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By Robin Stephenson
“Hunger is a political condition,” said Rep. Jim McGovern (D-Mass.) yesterday, in a speech on the floor of the House of Representatives. A long-time champion of the anti-hunger movement, McGovern is encouraging the use of a new hashtag on the social media network Twitter: #EndHungerNow.
Social networks are about conversations and national conversations influence members of Congress. We have the resources to end hunger, but we need to build political will. Increased public dialogue around the issue of hunger can help convince both Congress and the administration that ending hunger must be a national priority.
One of the most important, but least talked about, stories to emerge about the economic downturn is that the safety net has worked. “It’s important to point out that even though over 50 million people were food insecure, the vast majority had a safety net that prevented them from actually starving,” McGovern said during his speech.
The Supplemental Nutrition Assistance Program (SNAP, formerly food stamps) is largely responsible for keeping food on the tables of those Americans most affected by unemployment and under-employment. Yet during last year’s farm bill negotiations, the House Committee on Agriculture proposed $16.5 billion in cuts to the vital program. As many as 3 million people would have been cut out of SNAP and 280,000 children would have lost their school meals.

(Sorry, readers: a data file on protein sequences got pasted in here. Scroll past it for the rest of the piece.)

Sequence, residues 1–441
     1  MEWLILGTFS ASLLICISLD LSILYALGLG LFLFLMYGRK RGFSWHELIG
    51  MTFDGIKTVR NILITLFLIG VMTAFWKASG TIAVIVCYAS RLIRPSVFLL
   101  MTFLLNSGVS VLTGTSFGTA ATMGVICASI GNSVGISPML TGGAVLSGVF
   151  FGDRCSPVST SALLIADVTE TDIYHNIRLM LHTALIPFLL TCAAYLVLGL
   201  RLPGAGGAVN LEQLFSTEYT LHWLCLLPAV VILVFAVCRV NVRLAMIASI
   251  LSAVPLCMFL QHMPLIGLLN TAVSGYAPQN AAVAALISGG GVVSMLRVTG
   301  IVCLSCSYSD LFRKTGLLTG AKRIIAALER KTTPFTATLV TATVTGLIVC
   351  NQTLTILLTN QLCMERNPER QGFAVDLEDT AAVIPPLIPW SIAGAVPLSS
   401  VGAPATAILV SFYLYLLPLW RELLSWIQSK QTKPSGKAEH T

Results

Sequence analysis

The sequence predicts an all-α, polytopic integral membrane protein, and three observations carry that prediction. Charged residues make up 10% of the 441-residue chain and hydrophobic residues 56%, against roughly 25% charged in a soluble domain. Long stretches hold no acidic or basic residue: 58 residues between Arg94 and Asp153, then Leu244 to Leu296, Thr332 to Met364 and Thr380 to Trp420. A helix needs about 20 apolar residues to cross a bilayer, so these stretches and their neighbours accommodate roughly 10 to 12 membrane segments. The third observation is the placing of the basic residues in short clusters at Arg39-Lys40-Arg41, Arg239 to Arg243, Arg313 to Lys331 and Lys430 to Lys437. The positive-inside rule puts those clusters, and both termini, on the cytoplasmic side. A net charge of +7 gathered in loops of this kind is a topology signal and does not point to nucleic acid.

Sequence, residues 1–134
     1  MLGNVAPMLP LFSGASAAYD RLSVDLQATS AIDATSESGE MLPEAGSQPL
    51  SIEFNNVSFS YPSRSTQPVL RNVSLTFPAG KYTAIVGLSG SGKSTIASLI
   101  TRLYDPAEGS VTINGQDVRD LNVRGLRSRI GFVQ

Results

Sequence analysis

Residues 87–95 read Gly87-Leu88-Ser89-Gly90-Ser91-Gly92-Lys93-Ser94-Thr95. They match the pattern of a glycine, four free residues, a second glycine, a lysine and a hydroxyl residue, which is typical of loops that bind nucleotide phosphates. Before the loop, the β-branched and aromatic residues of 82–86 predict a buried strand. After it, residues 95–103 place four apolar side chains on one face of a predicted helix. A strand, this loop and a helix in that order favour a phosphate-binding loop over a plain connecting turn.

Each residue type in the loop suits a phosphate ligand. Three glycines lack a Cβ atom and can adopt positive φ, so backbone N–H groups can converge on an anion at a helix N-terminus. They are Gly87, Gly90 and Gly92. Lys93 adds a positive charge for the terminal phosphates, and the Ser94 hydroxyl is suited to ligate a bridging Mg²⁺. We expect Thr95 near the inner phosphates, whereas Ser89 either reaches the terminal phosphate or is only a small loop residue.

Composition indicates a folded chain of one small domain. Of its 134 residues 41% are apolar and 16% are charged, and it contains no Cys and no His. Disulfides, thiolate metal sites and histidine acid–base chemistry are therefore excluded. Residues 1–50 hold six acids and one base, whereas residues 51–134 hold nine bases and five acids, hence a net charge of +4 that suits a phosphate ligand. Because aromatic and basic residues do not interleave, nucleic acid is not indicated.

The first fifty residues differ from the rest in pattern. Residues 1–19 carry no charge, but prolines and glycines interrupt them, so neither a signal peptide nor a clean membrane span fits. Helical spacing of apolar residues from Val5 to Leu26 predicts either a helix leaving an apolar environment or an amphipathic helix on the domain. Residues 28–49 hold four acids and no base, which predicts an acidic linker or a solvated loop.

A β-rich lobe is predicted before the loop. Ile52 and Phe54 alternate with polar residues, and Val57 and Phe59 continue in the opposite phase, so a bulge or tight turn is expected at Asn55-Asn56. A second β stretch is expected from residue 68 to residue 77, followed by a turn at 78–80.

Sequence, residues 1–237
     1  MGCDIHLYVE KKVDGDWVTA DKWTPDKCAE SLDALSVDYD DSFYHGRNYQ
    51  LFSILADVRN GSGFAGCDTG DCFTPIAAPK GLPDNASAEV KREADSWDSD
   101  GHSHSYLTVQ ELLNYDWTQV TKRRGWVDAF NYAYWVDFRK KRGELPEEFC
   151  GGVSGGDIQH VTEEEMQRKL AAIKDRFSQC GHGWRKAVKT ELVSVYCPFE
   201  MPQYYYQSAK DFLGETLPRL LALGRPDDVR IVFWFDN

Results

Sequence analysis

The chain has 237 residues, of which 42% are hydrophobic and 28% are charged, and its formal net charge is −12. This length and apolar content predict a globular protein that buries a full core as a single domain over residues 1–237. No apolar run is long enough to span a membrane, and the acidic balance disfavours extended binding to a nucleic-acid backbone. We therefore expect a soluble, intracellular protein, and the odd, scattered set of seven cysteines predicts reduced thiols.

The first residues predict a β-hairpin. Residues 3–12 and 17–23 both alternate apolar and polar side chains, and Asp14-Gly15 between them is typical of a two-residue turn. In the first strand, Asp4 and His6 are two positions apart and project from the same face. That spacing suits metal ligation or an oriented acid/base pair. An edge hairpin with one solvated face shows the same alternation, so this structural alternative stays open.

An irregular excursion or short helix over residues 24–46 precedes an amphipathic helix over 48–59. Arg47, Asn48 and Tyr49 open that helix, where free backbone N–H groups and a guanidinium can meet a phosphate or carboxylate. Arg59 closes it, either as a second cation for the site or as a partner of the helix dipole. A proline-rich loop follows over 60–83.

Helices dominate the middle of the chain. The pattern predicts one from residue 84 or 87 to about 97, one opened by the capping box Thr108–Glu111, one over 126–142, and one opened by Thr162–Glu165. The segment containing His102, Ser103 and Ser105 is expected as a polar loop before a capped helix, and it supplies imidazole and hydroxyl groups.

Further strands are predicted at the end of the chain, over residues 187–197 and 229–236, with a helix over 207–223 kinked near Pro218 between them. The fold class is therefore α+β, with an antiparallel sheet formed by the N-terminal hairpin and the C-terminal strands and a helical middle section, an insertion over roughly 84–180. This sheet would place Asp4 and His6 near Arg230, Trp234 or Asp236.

Members of Congress need to hear our call to prioritize ending hunger, so we must speak up, and use all channels available to us in order to get that message across. McGovern will continue to do weekly "End Hunger Now" speeches on the floor and ask that you join him online, using the #EndHungerNow hashtag. Join the conversation—and tag your members of Congress in a tweet while you're at it.
Here is a video of yesterday's floor speech:
And if you aren't on Twitter, you can still influence your members of Congress and encourage them to create a circle of protection around SNAP. Write or email your representative and senators, or consider making use of public dialogue by writing an op-ed or letter to the editor and submitting it to your local newspaper.
Robin Stephenson is national social media lead and senior regional organizer, western hub, at Bread for the World.